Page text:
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A Quick-Test for Biochar Effects on Seed Germination
Johnson, M., T. Shiroyama, D. Olszyk, AND J. Novak. A Quick-Test for Biochar Effects on Seed Germination. Soil Science of America Annual Meeting, Minneapolis, MN, November 15 - 18, 2015.
The EPA is interested in new uses for biochar, a charcoal-like material formed when organic “waste materials” are combusted (pyrolyzed) at high temperatures without oxygen. Biochar can increase plant growth by increasing soil water holding and nutrient exchange capacities. Biochar can also reduce the availability of heavy metals and pesticides which can be toxic to plants. Critical to high plant productivity and yield is successful seed germination. Thus, we developed a “quick-test” in order to have an early indicator of the effects of biochar on seed germination. The test which could be completed in a short period of time with a minimal amount of expense and space, using small plastic containers and a vacuum method to rapidly and uniformly put seeds in each container. We evaluated this test using five crops: cabbage, cucumber, onion, ryegrass and tomato; two soils from South Carolina, and 18 different biochars (6 feedstocks made at each of 3 temperatures). The test successfully indicated that different soils and biochar x soil combinations can alter seed germination rates, with results available approximately 14-18 days after planting. Thus, we have developed a simple, efficient, and repeatable seed germination test. This test can be used for a rapid evaluation of the usefulness of specific biochars as tools to address important regional EPA goals such as: improving crop productivity on poor soils while using less water-pollution causing fertilizer, and the reestablishment of vegetation at superfund sites.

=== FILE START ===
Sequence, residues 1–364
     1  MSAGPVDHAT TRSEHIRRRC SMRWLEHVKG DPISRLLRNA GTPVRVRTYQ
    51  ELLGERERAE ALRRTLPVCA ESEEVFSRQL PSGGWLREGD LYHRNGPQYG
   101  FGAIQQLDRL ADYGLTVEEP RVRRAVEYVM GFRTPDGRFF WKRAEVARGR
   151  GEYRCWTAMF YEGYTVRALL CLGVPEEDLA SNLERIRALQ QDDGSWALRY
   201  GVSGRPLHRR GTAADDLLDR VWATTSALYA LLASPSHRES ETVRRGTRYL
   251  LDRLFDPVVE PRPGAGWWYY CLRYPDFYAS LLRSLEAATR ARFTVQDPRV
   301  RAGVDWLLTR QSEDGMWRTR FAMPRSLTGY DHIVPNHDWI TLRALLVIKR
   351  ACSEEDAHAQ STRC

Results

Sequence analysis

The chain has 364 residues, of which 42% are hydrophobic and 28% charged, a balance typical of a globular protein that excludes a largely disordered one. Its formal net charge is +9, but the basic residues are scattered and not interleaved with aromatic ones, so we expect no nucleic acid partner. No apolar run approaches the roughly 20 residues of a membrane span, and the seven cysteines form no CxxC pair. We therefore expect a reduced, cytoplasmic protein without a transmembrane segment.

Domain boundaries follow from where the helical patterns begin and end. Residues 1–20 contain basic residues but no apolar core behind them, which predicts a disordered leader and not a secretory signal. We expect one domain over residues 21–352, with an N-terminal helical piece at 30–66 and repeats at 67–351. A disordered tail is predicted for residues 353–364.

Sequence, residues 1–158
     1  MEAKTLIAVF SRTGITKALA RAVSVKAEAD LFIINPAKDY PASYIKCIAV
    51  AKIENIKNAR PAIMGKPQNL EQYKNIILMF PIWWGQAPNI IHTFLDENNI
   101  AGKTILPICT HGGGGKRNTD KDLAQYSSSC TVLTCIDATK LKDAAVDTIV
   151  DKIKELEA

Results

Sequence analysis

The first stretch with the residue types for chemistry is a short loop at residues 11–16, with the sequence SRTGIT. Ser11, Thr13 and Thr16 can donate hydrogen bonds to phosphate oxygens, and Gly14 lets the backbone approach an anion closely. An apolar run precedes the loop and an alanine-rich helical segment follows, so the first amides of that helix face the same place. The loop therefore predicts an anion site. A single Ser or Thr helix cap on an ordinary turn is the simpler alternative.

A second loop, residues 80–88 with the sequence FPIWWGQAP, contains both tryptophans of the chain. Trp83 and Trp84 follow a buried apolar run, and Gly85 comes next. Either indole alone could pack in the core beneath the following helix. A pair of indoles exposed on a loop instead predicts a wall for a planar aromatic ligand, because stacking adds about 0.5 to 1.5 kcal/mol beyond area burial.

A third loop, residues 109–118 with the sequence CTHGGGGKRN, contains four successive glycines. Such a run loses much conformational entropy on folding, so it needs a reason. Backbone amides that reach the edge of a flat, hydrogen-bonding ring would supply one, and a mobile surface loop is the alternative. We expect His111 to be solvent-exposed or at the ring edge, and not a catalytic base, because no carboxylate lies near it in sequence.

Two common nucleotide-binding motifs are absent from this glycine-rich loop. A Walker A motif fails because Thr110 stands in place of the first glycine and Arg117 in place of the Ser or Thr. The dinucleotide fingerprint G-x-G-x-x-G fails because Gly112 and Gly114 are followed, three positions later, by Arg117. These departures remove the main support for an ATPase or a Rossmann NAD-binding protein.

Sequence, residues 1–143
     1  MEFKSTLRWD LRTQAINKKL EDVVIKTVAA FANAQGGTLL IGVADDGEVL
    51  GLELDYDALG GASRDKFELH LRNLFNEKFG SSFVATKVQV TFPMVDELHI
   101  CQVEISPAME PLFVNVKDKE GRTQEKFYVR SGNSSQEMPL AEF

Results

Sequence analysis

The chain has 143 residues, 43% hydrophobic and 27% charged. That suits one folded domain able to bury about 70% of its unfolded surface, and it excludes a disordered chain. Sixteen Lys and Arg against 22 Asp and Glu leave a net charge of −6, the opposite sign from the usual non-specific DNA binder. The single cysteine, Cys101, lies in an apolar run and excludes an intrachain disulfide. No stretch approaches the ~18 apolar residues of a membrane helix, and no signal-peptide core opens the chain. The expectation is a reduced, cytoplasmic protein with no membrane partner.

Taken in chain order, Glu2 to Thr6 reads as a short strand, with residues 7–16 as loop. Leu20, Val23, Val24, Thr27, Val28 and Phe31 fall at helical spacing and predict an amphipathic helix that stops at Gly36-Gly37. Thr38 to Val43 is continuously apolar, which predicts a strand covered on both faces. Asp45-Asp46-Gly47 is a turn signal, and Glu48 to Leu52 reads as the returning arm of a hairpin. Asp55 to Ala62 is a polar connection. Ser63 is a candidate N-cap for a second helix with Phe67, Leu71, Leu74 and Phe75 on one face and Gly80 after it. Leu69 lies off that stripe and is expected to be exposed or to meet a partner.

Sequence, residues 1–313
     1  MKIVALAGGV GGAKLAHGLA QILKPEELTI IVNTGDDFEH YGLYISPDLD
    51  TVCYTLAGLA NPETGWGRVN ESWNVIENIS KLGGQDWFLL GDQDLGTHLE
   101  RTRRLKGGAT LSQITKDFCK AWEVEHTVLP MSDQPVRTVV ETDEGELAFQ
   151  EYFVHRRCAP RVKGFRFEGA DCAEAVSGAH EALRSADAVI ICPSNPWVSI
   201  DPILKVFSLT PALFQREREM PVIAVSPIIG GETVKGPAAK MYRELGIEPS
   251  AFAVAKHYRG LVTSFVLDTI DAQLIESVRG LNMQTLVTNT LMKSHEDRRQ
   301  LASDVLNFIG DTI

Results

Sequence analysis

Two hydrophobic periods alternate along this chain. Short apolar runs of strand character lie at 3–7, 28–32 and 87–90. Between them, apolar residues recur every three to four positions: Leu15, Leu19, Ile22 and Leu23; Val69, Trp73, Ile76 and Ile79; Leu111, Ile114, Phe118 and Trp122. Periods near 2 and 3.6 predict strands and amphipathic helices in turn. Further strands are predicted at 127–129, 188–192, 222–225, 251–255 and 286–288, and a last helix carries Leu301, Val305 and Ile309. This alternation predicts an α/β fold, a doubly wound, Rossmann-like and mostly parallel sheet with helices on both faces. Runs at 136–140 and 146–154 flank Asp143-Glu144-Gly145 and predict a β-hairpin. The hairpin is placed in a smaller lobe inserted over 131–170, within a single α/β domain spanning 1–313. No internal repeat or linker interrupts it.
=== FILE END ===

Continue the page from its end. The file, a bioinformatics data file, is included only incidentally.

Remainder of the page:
Biochar is being globally evaluated as a soil amendment to improve soil characteristics (e.g. soil water holding, nutrient exchange, microbiology, pesticides and chemical availability) to increase crop yields. Unfortunately, there are no quick tests to determine what biochar types are most effective at improving soil characteristics amenable for higher crop yields. Seed germination is a critical parameter for plant establishment and may be a quick indicator of biochar quality. We adapted Oregon State University Seed Laboratory procedures to develop a “quick-test” for screening the effects of biochar on seed germination. We used 11.0 cm rectangular x 3.5 cm deep containers fitted with blotter paper. The paper was premoistened with reverse-osmosis water, followed by placement of seeds (25 in a uniform 5 x 5 vacuum-assisted pattern, and biochar mixtures). A Norfolk and Coxville soil series from South Carolina were used. A total of 18 biochars were evaluated that were produced from 6 feedstocks (pine chips, poultry litter, swine solids, switchgrass, and two blends of pine chips and poultry litter); with biochar from each feedstock made by pyrolysis at 350, 500 and 700 ̊ C. Crops were cabbage, cucumber, onion, ryegrass and tomato. Preliminary results from the test indicated differences in seed germination due to soil type and possibly soil x biochar feedstock interactions. Other measurements including shoot dry weight per plate and pH of the soil+ biochar mixtures will be evaluated. Additional research will be conducted to determine biochar %, and amount of soil plus biochar for optimal germination responses. The test can also be used for a rapid evaluation of the effects of soils, and other soil treatments in addition to biochar such as pesticides and toxic materials, seed germination, and seed-mycorrhizal fungi relationships.